Wednesday, November 10, 2010

Leap'n Lizards

I headed out the door this morning for a quick little bush run. I only wanted about 45 minutes. I ran down Fuller Street again towards Lane Cove National Park. Fuller Street is very steep – all downhill going to the park. As such, it only takes me about 4 minutes to get to the park.

Once at the park I stayed on the trail. There were not many people at the park and I noticed quickly that the lizards were out in force. They were basking all along the trail – some were on rocks near the trail but most were on the trail. They react pretty slowly to an approaching running. They also blend in to the surrounding very well. I could see the vegetation on both sides of the trial most as I passed. There was also more than one occasion where I had to huddle one of these lizards. Just to be clear, these are pretty bit lizards – like at least a foot long and with their tails more like 3 feet long. Yeah – big lizards were everywhere.

After my run my sister and I headed back to Darling Harbour in downtown Sydney. We visited the Australian National Maritime Museum. There were several real naval vessels (a Destroyer Class ship called the HMAS Vampire - damn cool name for a ship) as well as a full sized replica of the HMB Endeavour (a sailing ship from the 1700’s). In addition there was more information on Aboriginal peoples and lots of stuff on navigation. There was also an exhibit about ‘Britain’s Child Migrants’.

From the 1860s, more than 100,000 children were sent from Britain to Canada, Australia and other Commonwealth countries through child migration schemes. They were sent by charitable and religious organisations, with government support, in the belief that their lives would improve, and that they would provide much-needed labour and increase the population.

Few were orphans; many came from families who were unable to care for them. The lives of these children changed dramatically and fortunes varied. Some succeeded in creating new futures. Others suffered lonely, brutal childhoods. All experienced disruption and separation from family and homeland.

Child migration schemes received criticism from the outset, yet continued until the 1960s. Formal apologies were made by the Australian Government in 2009 and the British Government in 2010 but many former child migrants and their families are still coming to terms with their experiences.
They were shipping kids to far off lands for hard labor and increase white people in these countries.  Many were lied to and told that their parents were dead and deceived into thinking that they were going to have a great time.  Some thought they were going to get to ride horses and kangaroos and pick fresh fruit from trees.  This was the governments and the churches.  Nice.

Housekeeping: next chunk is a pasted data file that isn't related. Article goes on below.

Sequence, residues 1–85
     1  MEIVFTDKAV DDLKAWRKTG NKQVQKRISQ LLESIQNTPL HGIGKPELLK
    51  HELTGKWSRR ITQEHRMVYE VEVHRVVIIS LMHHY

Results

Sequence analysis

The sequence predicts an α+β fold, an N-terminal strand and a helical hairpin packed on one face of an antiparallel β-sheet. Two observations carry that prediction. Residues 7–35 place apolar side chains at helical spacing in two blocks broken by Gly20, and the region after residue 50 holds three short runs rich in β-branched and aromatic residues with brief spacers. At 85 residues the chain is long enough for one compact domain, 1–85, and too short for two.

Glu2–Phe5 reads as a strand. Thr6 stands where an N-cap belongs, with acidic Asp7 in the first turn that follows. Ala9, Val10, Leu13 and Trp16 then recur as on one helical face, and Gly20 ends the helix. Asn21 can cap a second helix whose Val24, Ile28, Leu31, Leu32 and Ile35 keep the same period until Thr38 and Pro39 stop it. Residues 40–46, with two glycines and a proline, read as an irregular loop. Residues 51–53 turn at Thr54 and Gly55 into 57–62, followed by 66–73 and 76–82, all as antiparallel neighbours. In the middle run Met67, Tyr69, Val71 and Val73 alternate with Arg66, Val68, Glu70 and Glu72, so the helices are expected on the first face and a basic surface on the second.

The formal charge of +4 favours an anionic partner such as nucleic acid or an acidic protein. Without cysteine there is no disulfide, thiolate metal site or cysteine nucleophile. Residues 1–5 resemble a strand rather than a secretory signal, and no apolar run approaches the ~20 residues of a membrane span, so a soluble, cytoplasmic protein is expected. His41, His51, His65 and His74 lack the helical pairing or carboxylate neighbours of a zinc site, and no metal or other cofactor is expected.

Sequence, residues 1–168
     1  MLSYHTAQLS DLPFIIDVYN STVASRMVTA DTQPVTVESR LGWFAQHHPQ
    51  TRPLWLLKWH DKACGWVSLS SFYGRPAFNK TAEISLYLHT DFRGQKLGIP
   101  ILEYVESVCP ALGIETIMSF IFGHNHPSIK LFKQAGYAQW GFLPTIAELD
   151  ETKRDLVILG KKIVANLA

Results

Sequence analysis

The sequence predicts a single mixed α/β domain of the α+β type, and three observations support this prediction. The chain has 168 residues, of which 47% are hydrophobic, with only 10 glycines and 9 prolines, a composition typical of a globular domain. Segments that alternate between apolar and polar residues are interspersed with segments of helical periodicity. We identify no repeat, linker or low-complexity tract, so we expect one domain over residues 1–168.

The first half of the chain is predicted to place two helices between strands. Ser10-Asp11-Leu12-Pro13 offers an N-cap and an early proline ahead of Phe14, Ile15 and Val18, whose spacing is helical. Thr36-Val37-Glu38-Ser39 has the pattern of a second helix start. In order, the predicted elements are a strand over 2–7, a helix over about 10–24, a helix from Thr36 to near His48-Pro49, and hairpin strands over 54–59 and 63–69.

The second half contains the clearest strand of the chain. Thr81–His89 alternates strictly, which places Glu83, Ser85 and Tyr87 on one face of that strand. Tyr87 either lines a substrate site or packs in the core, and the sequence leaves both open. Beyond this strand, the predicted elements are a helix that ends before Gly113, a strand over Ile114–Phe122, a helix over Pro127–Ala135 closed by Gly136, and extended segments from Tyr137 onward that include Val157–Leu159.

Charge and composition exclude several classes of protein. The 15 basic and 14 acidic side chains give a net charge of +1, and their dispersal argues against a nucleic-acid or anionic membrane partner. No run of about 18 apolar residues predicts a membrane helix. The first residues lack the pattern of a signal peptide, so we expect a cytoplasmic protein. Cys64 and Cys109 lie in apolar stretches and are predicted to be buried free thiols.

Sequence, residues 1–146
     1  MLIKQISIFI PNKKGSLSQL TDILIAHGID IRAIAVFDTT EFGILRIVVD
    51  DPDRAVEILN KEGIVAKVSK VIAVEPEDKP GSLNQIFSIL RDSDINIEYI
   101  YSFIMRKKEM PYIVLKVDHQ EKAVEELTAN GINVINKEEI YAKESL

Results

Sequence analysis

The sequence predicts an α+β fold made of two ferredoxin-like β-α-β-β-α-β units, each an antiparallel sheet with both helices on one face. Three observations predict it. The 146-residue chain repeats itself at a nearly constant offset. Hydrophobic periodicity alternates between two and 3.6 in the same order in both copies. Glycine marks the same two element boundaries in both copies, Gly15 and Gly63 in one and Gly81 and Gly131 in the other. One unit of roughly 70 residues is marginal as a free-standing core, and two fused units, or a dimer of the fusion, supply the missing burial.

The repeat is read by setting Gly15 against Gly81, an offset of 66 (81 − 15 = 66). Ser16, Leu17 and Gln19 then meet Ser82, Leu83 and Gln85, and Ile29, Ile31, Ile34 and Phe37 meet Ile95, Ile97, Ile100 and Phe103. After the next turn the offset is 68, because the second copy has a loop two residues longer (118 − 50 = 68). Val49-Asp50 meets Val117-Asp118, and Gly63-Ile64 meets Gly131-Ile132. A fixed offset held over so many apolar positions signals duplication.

It was a nice museum.

I had planned on another run in the late afternoon after walking the kids home from school. However a storm blew in and it rained rather hard for about an hour. I had lost my inclination to run.

Woven jellies

Aboriginal coffins

Cockle Bay

Motorbike parking

Street painter

Christmas tree's are up already


misszippy said...

There's a great movie about the whole project to relocate these kids called Rabbit Proof Fence. True story about a pair of sisters who were taken from their families and then literally walked over 1,000 miles to get back. Amazing story.

Julie said...

Thanks for sharing James. It is so sad what has happened to all of those children...heart breaking.

Lovely pictures:)

Luke said...

What a cool day! When I took an institutional corrections course in school I remember we did a chapter on sending criminals thier too.

Barbie said...

Rabbit Proof Fence is a must to watch, good call misszippy. Awesome movie. And wasn't yesterdays storm horrendous.

lindsay said...

ahh the government, always corrupt. so sad! loved the pics--

Francine said...

Rabbit Proof Fence is about the forced-separation of aboriginal children from their families within Australia. Although tragic, this is a different story and these children were already in and from Australia.
The exhibit at the Maritime Museum was about the migration of white children from the UK to Australia and Canada. These children were sent on boats to Australia and Canada in order to increase the white stock of those populations as well as to provide labor for the farms, etc.
Both are very tragic stories and the effected children and families are still facing the conseuqences of these decisions. The Australian government has officially apologized for its role in both events and has even made a national day, called Sorry Day, to commemorate the way aboriginal peoples were treated in Australia.